I’m not in an altogether nostalgic mood right now. In fact I’m in rant mode and to say that I’m furious is an understatement.
A certain phone company who I would love to name and shame has been stealing from me. That’s right STEALING! There is no other word to describe it. I’ve been fobbed off with a whole bunch of pathetic reasons, excuses and justifications and I’m ashamed to say I even doubted myself. However, the latest bill is so unbelievably shocking that there is no way some smooth talking customer service representative (also known as liar. Service? What an insult to the word!) can convince me that I must have made more calls than I’ve realised. With the hours I work it’s virtually impossible; Most days, I don’t even have the energy to talk to my husband let alone anyone else!
Having spoken to various people, I now understand that this problem is more common than most of us realise. Even the solicitor from whom I sought legal advice and the bank cashier I spoke to have all had the same problem. I’ve been advised to cancel the direct debit and make bill payments instead. I will also be taking this matter further as I refuse to let a bunch of crooks masquerading as a legitimate business help themselves to my hard earned money. I’ve been told that this was typical of phone companies and a friend who has worked for a major phone store admitted that there are all sorts of underhand tactics that those working in the phone industry employ. So why are they being allowed to get away with it? They do so because a) no one kicks up much of a fuss and b) phones are virtually a necessity these days so we are all easy targets for phone companies or scammers as I should say, who want to make money literally at the expense of their unsuspecting (or suspecting but helpless) customers.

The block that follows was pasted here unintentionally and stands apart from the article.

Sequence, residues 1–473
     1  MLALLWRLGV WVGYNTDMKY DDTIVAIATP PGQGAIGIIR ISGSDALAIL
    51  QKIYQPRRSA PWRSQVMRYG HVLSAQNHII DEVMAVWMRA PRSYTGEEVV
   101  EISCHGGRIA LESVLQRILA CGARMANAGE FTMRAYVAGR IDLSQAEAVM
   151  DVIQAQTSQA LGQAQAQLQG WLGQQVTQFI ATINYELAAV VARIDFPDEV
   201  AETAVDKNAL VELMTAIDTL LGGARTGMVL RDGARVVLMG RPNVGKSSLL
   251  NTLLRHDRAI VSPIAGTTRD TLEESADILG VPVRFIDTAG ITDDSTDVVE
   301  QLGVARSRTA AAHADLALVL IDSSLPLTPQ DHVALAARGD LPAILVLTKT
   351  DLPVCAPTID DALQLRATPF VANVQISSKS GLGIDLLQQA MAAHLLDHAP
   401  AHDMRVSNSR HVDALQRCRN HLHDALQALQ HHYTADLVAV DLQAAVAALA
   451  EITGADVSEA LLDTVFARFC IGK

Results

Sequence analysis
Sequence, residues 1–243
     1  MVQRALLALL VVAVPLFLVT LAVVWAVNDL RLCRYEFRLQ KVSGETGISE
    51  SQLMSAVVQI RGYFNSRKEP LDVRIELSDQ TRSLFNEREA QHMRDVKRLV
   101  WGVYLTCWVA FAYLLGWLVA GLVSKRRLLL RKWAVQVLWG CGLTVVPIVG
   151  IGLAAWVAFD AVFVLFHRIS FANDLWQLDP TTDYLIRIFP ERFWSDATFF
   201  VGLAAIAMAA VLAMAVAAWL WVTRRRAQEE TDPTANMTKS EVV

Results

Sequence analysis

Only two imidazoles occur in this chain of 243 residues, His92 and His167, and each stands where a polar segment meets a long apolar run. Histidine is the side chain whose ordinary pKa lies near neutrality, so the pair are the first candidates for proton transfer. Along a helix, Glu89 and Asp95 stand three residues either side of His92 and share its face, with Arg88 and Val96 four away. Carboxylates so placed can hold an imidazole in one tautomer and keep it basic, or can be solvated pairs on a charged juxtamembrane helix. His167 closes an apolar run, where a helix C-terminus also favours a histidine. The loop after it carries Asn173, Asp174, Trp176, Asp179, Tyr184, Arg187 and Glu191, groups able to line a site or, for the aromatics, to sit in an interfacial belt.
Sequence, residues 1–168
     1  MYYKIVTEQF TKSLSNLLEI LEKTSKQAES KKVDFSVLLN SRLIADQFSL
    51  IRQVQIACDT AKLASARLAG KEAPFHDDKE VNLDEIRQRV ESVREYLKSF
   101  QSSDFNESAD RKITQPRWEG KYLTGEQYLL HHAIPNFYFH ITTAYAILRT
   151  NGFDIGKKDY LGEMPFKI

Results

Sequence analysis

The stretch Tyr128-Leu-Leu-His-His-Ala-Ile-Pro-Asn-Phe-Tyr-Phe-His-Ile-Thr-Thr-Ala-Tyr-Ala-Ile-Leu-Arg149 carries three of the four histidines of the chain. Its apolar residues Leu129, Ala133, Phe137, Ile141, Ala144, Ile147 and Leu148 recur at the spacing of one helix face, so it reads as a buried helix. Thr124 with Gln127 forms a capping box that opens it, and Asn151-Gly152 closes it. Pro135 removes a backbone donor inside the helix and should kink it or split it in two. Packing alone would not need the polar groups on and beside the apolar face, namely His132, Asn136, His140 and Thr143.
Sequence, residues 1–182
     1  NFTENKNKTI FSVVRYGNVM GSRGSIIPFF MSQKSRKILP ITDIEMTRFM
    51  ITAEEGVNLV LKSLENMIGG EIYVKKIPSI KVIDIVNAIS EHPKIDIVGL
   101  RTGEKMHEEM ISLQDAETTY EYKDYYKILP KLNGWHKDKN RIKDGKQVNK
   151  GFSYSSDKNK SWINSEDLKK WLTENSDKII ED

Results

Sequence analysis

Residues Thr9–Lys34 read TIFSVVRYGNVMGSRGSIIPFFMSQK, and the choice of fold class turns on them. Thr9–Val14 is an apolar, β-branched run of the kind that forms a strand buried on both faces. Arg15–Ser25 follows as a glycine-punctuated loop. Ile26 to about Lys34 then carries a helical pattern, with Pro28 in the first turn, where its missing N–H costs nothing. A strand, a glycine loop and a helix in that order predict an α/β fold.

The sensible thing to do would be to wash my hands of anything that even slightly resembles a mobile. But is that so easy to do? I went to school in the 1990s when mobile phones were becoming more accessible for everyone so I grew up with the concept that a phone is vital. Then there are practical reasons; I might need it for an emergency; someone may urgently need to contact me and as a freelancer, I need a phone for work. Also do I really want to be the only one in the village without a phone? Probably not!
However, peer pressure isn’t a good enough reason to keep shelling out for extortionate phone bills. I still remember life back in the 1980s when the only people who had mobile phones were the young, upwardly mobile crowd – and those were not phones you wanted to be seen with in public (not so much bricks as breeze blocks!) Those of us who didn’t have them certainly didn’t feel as though we were missing out. In fact, my parents take pride in being the only people in the world (I’m sure) who don’t own mobile phones. They don’t give two hoots about the ridicule and when challenged about their lack of a phone, Mum replies that she has no desire to make phone companies richer than they already are; “And years ago people didn’t have mobile phones. How did we get by? We just did!”
An older gentleman with whom I went to drama school explained how he liked to live simply: “I don’t have a mobile or a computer… I don’t even have an email address. I prefer to live simply.” Maybe he had the right idea but is such a concept compatible with modern day living? I’m not sure I’m brave enough to find out but that doesn’t mean I want to be held to ransom just because I choose to have things which aid my everyday living. After all, these gadgets, gizmos and latest technological advances to which we so greatly adhere were meant to make life easier and more comfortable and the cheap deals that came with them meant that they were affordable and accessible to all. Instead it’s made us a society of stressed out and overanxious individuals who work harder than we should just to pay the (phone) bills.